Wednesday, June 03, 2015

Difficult to read tea leaves from oral arguments on junk science writ

The vote on the Court of Criminal Appeals interpreting Texas' junk science writ looks to be ridiculously close - probably another 5-4 outcome - judging from oral arguments this morning in Ex Parte Robbins. But no one, I think, could reasonably guess after today's arguments which way it might go.

Neal Robbins' attorney Brian Wice called recanted testimony from Dr. Patricia Moore the lynchpin of the case and his opponent, Bill Delmore, agreed that if Dr. Moore was wrong (which is her revised opinion about her original testimony), Robbins gets relief. But the discussion from the judges indicated the outcome likely won't be that simple, even if it should be.

The judges who wanted to debate legislative history last go-round shifted gears, for the most part, in light of passage of HB 3724 codifying the court's ruling in this same case from last fall. Judge Elsa Alcala read aloud from the bench the senate bill analysis specifically declaring the bill's intent was to codify their decision.

There was some grumbling, though, particularly from Judge Sharon Keller, that the Legislature couldn't interpret its own statutes post hoc, though the sort of verbal commentary about intent she was describing is quite different than the formal act of passing a second law codifying a court's interpretation of a first one. There was additional discussion of whether they should consider HB 3724 at all before the governor signs the bill, and a surprising level of willful indifference regarding the implications of the new legislation.

Still, with the legislative intent argument weakened, Judge Michael Keasler hoped to change the focus to a harmless error analysis. And that seemed like the avenue which may prevail if the state wins this rehearing, even though it wasn't even part of the discussion last year. How it could be harmless error that a medical examiner wrongly called a death a homicide in a capital murder trial, it's hard to say, but that's where some judges wanted to go.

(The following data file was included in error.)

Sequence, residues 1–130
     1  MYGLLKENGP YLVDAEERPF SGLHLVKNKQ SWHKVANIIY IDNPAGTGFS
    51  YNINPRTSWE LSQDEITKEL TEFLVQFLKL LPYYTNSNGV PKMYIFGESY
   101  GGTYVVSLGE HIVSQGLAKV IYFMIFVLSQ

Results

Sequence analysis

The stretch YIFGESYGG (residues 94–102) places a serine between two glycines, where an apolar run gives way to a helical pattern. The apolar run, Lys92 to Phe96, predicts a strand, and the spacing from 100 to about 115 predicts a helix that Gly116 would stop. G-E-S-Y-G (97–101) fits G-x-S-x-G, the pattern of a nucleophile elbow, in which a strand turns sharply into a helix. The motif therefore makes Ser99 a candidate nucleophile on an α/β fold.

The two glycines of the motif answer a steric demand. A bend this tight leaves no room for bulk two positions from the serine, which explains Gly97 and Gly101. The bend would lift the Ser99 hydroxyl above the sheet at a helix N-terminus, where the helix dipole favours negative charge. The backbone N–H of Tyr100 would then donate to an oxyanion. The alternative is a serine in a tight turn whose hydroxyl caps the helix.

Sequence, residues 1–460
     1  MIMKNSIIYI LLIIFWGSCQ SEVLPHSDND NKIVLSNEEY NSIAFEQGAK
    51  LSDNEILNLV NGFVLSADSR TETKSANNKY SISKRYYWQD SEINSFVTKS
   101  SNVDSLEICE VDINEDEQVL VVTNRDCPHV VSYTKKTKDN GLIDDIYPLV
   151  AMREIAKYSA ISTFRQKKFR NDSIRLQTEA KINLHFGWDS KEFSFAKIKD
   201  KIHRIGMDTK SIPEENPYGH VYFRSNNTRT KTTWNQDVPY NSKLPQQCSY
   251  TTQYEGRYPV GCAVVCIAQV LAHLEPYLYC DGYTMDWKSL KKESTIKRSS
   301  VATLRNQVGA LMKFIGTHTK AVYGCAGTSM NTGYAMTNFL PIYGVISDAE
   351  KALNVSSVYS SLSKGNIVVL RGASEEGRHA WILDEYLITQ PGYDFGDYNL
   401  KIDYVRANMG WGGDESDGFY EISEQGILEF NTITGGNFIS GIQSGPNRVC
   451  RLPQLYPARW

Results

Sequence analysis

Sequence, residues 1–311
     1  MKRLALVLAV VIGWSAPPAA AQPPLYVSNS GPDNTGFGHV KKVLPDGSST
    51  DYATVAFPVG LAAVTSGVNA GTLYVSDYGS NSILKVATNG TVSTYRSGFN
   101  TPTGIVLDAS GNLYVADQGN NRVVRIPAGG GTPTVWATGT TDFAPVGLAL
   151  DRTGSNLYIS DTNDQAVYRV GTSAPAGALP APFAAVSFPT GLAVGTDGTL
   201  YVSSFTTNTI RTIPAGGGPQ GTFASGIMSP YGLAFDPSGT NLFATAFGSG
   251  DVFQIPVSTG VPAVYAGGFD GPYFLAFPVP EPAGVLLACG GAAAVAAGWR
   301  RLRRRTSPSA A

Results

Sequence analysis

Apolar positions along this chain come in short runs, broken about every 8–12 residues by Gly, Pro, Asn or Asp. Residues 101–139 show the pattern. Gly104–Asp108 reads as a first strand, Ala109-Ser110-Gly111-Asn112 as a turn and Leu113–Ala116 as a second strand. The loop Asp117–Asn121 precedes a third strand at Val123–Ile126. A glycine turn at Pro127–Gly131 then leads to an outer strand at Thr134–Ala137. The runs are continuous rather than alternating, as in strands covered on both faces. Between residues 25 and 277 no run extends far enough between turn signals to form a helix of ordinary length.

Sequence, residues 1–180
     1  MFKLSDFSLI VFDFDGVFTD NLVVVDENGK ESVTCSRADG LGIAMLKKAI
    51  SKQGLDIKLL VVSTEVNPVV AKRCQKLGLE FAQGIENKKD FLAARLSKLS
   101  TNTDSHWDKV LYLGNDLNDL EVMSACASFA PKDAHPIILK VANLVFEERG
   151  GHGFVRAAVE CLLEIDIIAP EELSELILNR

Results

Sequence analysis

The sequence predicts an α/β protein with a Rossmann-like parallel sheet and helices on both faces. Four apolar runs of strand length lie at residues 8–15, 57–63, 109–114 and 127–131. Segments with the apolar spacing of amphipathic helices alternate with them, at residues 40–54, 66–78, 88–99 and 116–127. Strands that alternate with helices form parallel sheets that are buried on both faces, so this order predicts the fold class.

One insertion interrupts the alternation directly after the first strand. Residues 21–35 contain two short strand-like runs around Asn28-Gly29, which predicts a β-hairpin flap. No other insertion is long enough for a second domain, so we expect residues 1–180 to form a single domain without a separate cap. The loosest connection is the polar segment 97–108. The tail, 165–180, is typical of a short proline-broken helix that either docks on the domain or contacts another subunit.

Indeed, as Mr. Delmore said, it's hard to imagine the outcome at trial would not have been different if no one could say the death was a homicide. But granting that didn't seem to dissuade Judge Keasler, in particular, from pursuing the harmless error line of reasoning. 

From their comments at this morning's arguments, I'd guess the four dissenters still on the court - Keasler, Hervey, Keller and Meyers (who was absent today) - will all stay in opposition to Robbins' petition. Meanwhile, David Newell voted against rehearing and seemed sympathetic to the implications of the Lege passing HB 3724. If he sides with the Robbins II majority, that makes Yeary and Richardson the two swing votes. Richardson's questioning was brief and unrevealing; Yeary's comments cut both ways. I couldn't begin to guess how they might vote. This one's going to be tight.

MORE (6/4): A Dallas News staff editorial encouraged the Governor to sign HB 3724. See also coverage of oral arguments from the Houston Chronicle's Mike Ward.

See related Grits posts:

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